Lying requires a lot of effort. When you tell the truth, you simply remember what happens. When you lie you have to consider what you're trying to hide, figure out a believable version of the opposite, give a convincing performance to sell that lie, and then remember it for the rest of eternity so you never get caught. Even if you're pretending to love your grandmother's disgusting fruitcake, that's a lot of pressure. Furthermore, it builds and builds every time you lie. (And you all do, even if you don't think so.) According to deception expert Pamela Meyer, the average person lies three times within the first minute of meeting a stranger and between 10 and 200 times per day. We handle this constant lying well considering how remarkably often it occurs, but that's especially easy to do when we have an easy time ignoring the consequences.
Lies, just like many other things, cause stress and anxiety. If you need proof, consider the polygraph machine (what's come to be known as the "lie detector"). They don't actually detect lies, specifically, but rather the signs of stress that accompany telling them. While stress isn't a definitive indicator of lying, it's often a good clue. Author David Ropeik points to a study that found additional evidence:
Anita Kelly and LiJuan Wang of Notre Dame recruited a group of 110 people from 18 to 71 years old, and told them that once a week for ten weeks they'd have to come in and, in a lie detector machine, report how many times in the previous week they had lied. But the group was divided in half. 55 of them got explicit instructions in how to avoid lying. (They could avoid telling the truth, or not answer, just not out and out confabulate.) The other group got no instructions, just the request to come in once a week and tell the truth about how many times they had lied last week.
Everybody lied less. But the group that had gotten advice on how to avoid lying reduced their fabrications far more. And in questionnaires, those who had lied less reported better mental and physical health. They reported improvements in their relationships, less trouble sleeping, less tension, fewer headaches, and fewer sore throats.
You probably know thatstress harms your brain and body in several horrible ways. Since lying contributes to your stress level and you do it many, many times per day, you need to consider the impact of your secrets. The harm isn't self-evident, but it readily exists in the numerous health issues you encounter in your daily life.
Sometimes Honesty Is Not Always the Best Policy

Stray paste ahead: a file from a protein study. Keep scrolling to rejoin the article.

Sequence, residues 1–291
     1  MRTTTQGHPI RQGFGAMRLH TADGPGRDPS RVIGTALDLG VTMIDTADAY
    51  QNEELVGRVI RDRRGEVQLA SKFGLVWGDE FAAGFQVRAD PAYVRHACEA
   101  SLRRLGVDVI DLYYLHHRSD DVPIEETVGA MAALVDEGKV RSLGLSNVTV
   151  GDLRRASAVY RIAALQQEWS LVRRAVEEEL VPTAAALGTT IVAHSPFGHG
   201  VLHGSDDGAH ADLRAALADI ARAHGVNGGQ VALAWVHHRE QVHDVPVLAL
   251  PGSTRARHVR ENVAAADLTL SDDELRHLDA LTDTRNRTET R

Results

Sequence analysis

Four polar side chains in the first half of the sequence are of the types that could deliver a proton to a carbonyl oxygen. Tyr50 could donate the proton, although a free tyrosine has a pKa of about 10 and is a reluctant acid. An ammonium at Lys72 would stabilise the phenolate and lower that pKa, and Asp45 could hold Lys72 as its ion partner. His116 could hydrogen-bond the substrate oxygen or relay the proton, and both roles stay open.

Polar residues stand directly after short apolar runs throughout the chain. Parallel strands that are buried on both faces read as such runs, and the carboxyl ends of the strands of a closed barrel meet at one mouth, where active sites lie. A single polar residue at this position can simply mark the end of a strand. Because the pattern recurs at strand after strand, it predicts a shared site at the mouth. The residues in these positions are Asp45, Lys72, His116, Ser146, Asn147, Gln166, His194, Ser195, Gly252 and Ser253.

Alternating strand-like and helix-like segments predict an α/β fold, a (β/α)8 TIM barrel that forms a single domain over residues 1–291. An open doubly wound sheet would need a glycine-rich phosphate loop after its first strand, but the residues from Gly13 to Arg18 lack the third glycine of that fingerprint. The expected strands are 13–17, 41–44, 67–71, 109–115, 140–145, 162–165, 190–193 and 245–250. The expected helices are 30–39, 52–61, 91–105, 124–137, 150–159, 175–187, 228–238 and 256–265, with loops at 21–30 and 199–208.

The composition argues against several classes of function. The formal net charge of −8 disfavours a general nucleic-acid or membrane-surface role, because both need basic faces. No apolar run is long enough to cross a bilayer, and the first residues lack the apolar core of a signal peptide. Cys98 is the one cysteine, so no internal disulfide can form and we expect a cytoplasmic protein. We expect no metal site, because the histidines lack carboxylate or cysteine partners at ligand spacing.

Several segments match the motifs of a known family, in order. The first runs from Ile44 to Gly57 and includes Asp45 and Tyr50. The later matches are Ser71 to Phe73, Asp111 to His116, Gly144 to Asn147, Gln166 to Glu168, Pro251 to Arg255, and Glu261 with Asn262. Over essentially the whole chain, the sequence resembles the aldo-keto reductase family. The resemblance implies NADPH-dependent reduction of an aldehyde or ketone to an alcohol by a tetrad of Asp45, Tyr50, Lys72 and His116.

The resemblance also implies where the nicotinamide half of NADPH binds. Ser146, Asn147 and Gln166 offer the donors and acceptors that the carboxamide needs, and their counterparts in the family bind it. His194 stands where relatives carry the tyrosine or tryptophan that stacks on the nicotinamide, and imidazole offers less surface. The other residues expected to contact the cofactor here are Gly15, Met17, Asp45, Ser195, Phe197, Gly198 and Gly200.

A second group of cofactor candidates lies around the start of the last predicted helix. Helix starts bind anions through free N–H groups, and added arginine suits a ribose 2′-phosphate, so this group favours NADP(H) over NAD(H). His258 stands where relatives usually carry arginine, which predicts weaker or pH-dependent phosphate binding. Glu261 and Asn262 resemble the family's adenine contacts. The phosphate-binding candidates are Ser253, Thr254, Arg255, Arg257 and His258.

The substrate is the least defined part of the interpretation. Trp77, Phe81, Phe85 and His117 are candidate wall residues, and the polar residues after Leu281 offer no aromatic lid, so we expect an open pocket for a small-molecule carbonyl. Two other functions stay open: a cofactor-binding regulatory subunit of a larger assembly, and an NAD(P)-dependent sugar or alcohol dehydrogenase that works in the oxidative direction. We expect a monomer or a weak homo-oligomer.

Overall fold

Life has no paradigms. Lying cause stress and other awful problems, but it's useful and even necessary at certain times. When lying assures your safety or honesty puts you in danger, you probably shouldn't choose the truth. Exceptions always exist, and regardless of our intentions we're not going become model truthtellers no matter how comfortable we feel. Generally speaking, honesty provides far more mental and physical health benefits than dishonesty. Nevertheless, we're complicated creatures. We make complicated decisions every day. We'll find reasons to lie that are necessary, but we'll naturally find more that aren't. Watch out for instances when you lie out of politeness and to preserve your own self-esteem. Think about the long-term effects and not how the lie will protect you, or someone else, in a particular moment. You can't always tell the truth, but the more you do the happier your brain and body will be.
via LifeHacker Adam Dachis
Saturday, December 8, 2012
The news: The U.S. Patent and Trademark Office has declared a huge Apple multi-touch-screen patent - the so-called "Steve Jobs patent" - to be invalid. As CNET adds, this is the second Apple patent to get a smackdown. The previous one was about Apple's "rubber band" effect. Neither ruling is final, but still.
The best analysis: Groklaw, which has been doing amazing coverage of Apple's legal war, writes: "If you want to know why people now hate Apple for its legal swashbuckling, this is Exhibit A."
The conclusion: This whole notion of Steve Jobs launching his "thermonuclear war" on Android is a farce. A sham. A joke. It has been from the start.
Apple Keeps Failing
Apple's claims have been knocked down all over the world. In England a court was so appalled by Apple's claims that it ordered Apple to run ads explaining that Samsung had not, in fact, copied Apple.
Apple appealed, and lost, so the public shaming went forward. Apple brazenly snubbed its nose at the court by creating an ad that taunted Samsung even more. So the court made Apple do it again, and get it right this time.
Yes, Apple won a big case in California. But that too could unravel since the jury appears to have made numerous mistakes. Samsung wants the verdict set aside. The judge is now urging Apple and Samsung to make peace.